PIM Verbeek will finally lift the lid on Australia’s initial World Cup squad early next week.
It is an unenvious job for the Dutchman in one of his last tasks as Australia’s manager.
Predecessor Guus Hiddink had it easy this time four years ago. ‘Aussie’ Guus had a team in form, underrated by its opponents and bereft of expectations.
Australian fans were simply delighted their side had finally made it to the big dance after years of missing out on an invite.
The round of 16 appearance – and agonising loss to Italy – was as unexpected as it was celebrated.
This time around, Verbeek carries expectation of a hopeful nation around his neck like a millstone.
His job is not made easy by several issues prevalent in his squad surrounding fitness, age, form and playing time. Many believe getting out of a group featuring Germany, Serbia and Ghana cannot be done.
Verbeek will announce a squad of 27 next Tuesday, which will eventually be whittled down to 23 for South Africa.
Verbeek – who will vacate the post after the tournament – should have a fair idea of his list already.
If he doesn’t, Mrs Verbeek better put the coffee pot on. Her husband is set for some sleepless nights.
In safe hands: Goalkeeping is the only area where the Socceroos appear truly comfortable.
Mark Schwarzer, 37, will most likely be wheeled out of the area when he finally gives up his grip on the No.1 jersey.
The veteran has the full support of Verbeek, as evidenced by his selection in the his manager’s World XI last month. It’s a stark contrast to 2006, when Hiddink’s inexplicable decision to replace Schwarzer with Zeljko Kalac against Croatia nearly cost the Socceroos a round of 16 place.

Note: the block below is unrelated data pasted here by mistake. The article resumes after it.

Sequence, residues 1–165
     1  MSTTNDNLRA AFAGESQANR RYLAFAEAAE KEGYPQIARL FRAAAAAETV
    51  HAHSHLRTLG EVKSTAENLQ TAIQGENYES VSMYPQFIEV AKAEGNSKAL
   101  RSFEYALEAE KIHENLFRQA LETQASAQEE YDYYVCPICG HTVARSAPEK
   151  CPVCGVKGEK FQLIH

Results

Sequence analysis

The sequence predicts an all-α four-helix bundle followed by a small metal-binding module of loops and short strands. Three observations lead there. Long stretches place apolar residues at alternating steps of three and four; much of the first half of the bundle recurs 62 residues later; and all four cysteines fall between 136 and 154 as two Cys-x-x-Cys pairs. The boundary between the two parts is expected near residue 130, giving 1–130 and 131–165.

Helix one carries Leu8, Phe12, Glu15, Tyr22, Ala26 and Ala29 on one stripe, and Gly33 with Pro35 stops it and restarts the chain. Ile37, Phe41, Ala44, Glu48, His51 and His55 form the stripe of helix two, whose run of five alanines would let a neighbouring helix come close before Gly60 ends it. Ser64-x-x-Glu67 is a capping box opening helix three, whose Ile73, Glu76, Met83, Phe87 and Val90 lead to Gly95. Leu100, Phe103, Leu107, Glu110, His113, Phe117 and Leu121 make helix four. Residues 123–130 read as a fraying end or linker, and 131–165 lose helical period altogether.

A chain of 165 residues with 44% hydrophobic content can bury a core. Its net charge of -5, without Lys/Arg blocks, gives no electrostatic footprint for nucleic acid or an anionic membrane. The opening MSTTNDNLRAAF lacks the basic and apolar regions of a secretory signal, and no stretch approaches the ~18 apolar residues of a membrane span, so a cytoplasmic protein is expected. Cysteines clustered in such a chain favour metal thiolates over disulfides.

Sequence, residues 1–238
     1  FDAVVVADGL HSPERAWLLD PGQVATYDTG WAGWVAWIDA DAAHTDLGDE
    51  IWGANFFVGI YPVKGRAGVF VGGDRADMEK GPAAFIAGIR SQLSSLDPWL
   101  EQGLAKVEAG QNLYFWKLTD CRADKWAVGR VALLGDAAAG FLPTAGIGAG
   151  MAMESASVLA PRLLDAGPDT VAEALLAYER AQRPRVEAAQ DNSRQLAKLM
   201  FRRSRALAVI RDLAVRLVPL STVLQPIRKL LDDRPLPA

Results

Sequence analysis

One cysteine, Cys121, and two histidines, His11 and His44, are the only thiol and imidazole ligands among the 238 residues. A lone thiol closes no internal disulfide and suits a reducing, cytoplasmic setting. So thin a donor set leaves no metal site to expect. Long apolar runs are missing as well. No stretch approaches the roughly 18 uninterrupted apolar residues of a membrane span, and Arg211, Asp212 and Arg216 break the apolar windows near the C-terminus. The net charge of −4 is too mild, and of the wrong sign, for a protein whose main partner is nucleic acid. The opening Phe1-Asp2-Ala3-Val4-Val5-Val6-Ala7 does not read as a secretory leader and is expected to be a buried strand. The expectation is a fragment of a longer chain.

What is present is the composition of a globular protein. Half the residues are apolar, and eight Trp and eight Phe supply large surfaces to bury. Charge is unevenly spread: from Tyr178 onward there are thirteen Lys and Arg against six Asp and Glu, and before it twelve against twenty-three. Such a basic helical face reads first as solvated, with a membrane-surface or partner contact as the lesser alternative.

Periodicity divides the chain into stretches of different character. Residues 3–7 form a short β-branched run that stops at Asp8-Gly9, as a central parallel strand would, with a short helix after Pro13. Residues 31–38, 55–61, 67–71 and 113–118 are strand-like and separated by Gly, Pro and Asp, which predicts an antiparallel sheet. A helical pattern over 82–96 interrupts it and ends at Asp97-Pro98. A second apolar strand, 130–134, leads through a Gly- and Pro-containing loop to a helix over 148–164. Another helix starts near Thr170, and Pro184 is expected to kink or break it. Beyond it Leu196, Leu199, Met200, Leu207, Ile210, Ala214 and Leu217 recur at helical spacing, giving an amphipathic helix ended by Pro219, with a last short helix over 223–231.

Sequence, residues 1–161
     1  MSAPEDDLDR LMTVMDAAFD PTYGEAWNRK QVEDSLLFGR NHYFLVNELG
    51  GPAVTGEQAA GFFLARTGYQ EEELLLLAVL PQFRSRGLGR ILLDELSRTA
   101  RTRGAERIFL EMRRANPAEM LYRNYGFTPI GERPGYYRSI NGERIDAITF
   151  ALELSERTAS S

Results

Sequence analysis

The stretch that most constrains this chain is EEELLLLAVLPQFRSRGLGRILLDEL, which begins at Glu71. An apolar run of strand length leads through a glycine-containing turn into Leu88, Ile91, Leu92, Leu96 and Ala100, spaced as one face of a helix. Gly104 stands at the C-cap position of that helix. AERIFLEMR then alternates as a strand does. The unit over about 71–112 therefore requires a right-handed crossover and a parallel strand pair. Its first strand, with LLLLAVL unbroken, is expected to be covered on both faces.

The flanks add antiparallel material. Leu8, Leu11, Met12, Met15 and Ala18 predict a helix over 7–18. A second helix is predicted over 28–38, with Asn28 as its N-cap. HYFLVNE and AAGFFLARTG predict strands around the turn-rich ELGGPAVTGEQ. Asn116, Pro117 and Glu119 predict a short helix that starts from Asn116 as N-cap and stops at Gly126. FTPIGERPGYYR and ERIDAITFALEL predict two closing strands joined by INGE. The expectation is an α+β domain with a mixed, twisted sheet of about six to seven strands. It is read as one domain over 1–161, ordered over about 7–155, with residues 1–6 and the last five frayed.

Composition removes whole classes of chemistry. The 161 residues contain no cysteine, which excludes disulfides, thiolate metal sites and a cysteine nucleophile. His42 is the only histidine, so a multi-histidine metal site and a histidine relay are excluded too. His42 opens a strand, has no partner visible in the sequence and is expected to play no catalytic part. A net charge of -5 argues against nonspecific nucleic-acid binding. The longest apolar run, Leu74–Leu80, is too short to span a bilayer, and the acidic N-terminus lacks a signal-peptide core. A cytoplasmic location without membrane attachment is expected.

Schwarzer has handled a UEFA Cup run and a full English Premier League season with Fulham with aplomb.
Even the growing maturity of Reading’s Adam Federici – rumoured to be a target of Italy – can’t shake Schwarzer’s unbreakable hold on No.1. The third keeper to travel to South Africa will come from Middlesborough’s Brad Jones, Adelaide United shot-stopper Eugene Galekovic or 2006 member Ante Covic.
The case for the defence: Just who Verbeek will send out to man the trenches against Germany on June 13 has lately become the key issue for the Socceroos.
Lucas Neill, although not blessed with pace, has a mortgage on a central defence role.
The ever-dependable Luke Wilkshire will likely take the right-back slot, with Scott Chipperfield to be selected on the left despite his goalscoring heroics for Basel as an attacking winger.
But who will stand alongside Neill?
The creaky Craig Moore is clubless, Jade North and Matt Spiranovic can’t get off the pine in Norway and Japan respectively while Simon Colosimo is hoping some reserve-team action with AZ Alkmaar will be enough to get him the nod. Youngsters Rhys Williams and Shane Lowry are surely too raw. Mark Milligan is at least seeing action in Japan’s second division, but the dearth has Verbeek considering uncapped Eddy Bosnar for a shock call-up.